a weblog of wordplay by Eric Harshbarger
PalindromesLOGOLOG is still a new blog for me, so these early entries are covering some very basic topics of wordplay. Today's "lesson"? Palindromes.
A palindrome is a word or phrase that, when reversed, reads the same way (spaces and punctuation can be altered). So, a word like LEVEL or names like BOB and HANNAH are all palindromes.
Many people have spent much time devising clever palindromic sentences and phrases. For example:
Harass selfless Sarah. A man, a plan, a canal -- Panama.Palindromes strongly reinforce the notion that much of wordplay had to do with patterns. The reversibility of a string of letters is very recognizable. This recognition has likely encouraged many companies to use palindromes as product or brand names (the Honda CIVIC, the pharmaceutical XANAX).
Below are a couple of lists. If readers can fill in any of the blanks (or lengthen any of the entries), please let me know.
First, palindromes beginning (and ending, of course) with each letter of the alphabet:
alula boob civic deified esse f goog halalah igigi j kinnikinnik level madam noon otto peeweep q rotator sawbwas terret ulu vav wow x yaray zWhile many of the words above will be unfamiliar, they are all in Merriam Webster's unabridged lexicon. I have tried to stick with non-proper nouns, as well as words without hyphens. For a list with slightly more forgiving criteria, I would recommend the reader consults the book Wordplay by Chris Cole. It is a comprehensive catalog of logological lists.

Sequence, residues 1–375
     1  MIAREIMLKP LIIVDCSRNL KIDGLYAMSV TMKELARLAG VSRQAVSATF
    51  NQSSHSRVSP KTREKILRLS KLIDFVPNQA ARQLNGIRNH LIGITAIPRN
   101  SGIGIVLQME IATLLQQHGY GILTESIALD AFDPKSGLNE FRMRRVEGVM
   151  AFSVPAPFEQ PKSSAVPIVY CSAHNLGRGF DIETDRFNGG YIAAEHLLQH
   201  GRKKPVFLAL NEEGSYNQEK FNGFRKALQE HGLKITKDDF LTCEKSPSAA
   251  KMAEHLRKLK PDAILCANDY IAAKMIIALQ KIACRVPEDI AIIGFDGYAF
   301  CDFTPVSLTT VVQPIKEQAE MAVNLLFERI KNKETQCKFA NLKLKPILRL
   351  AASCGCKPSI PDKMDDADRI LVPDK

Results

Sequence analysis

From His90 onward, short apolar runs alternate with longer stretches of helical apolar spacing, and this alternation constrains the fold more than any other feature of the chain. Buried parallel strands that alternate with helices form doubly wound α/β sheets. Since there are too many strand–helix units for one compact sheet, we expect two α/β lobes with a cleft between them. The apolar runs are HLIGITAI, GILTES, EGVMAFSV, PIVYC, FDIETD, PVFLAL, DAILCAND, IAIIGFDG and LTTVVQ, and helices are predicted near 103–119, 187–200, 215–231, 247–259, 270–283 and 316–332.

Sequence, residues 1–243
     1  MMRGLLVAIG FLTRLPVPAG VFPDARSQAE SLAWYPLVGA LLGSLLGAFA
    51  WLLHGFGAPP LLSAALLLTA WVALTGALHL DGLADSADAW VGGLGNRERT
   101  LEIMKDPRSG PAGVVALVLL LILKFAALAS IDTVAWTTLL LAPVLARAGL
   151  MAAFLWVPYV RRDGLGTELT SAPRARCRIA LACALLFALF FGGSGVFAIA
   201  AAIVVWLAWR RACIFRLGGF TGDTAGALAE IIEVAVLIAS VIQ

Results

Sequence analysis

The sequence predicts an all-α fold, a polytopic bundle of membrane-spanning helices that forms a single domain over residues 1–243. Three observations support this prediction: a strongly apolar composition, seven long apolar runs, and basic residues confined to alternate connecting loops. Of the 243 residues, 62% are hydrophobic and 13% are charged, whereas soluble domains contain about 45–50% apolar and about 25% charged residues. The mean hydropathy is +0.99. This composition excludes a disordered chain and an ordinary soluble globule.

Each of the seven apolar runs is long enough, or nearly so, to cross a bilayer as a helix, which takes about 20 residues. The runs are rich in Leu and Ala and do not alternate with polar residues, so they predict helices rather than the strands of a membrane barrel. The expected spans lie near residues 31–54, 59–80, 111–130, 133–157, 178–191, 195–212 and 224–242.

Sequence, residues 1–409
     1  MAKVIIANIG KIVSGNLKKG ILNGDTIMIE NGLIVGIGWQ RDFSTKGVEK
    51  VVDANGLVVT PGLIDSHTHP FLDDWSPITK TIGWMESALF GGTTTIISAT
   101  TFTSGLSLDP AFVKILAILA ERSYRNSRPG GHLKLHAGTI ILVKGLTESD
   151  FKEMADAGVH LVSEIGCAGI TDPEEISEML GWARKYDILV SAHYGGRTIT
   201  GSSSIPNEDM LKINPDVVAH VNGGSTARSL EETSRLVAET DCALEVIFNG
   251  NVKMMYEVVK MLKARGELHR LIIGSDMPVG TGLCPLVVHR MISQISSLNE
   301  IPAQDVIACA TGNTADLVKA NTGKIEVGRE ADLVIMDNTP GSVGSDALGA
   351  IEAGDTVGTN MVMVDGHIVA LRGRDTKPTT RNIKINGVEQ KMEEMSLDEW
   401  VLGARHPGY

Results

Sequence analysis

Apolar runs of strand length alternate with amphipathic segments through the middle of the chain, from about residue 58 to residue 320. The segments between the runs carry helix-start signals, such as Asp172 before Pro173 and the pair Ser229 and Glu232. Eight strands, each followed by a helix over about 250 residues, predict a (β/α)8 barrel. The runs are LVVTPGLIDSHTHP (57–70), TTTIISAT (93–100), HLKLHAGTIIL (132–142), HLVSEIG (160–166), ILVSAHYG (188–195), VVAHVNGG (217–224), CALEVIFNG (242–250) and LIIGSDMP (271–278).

It seems like a true linguistic oversight that there is not a satifying entry for the letter "F" of the above list. Especially when we are taunted with the wonderful, yet not-quite-palindromic, word FOOLPROOF.
The second list of words is also alphabetical, but now the letter of index is centered within the word (or, if the word is an even number of letters, the two central letters are considered):
rotator sawbwas succus murdrum sememes deified degged oho reviver kajak kinnikinnik solos ama tenet devoved tippit q yaray seesees seities alula civic peeweep sexes kayak zAgain, while many of these words are uncommon, somebody at sometime has used them enough that Merriam Webster feels them valid.
[15 December 2005]
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